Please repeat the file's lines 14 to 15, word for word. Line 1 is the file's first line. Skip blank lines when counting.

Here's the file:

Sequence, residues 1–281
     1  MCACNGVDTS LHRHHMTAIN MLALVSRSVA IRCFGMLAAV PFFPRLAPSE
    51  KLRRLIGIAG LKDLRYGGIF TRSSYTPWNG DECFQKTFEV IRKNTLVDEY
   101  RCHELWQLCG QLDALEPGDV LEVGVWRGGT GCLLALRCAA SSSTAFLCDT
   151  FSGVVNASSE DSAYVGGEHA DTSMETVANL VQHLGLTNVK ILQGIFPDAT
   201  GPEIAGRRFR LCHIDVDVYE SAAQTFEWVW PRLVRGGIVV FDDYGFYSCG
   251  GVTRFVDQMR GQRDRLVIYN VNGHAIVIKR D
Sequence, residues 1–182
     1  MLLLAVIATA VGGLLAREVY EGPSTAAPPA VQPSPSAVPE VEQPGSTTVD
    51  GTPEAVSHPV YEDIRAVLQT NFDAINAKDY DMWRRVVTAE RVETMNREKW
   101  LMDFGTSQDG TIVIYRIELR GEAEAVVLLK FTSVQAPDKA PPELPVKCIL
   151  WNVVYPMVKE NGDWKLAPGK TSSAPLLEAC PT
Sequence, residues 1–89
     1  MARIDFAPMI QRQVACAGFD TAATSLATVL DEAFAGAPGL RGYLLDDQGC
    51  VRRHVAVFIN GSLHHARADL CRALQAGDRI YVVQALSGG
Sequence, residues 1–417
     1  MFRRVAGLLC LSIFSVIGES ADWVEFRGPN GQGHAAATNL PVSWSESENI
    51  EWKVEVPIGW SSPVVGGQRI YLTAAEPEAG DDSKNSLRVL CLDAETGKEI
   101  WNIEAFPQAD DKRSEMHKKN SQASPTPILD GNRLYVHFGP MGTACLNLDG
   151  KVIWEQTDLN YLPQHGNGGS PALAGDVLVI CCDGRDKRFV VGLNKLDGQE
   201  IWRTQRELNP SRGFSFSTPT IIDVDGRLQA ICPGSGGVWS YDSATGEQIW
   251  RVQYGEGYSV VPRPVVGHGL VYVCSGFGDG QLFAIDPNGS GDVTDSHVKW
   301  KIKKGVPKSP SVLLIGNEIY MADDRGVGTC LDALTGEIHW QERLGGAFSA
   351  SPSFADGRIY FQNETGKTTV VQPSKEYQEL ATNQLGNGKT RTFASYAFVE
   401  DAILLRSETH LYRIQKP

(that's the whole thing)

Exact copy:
     1  MARIDFAPMI QRQVACAGFD TAATSLATVL DEAFAGAPGL RGYLLDDQGC
    51  VRRHVAVFIN GSLHHARADL CRALQAGDRI YVVQALSGG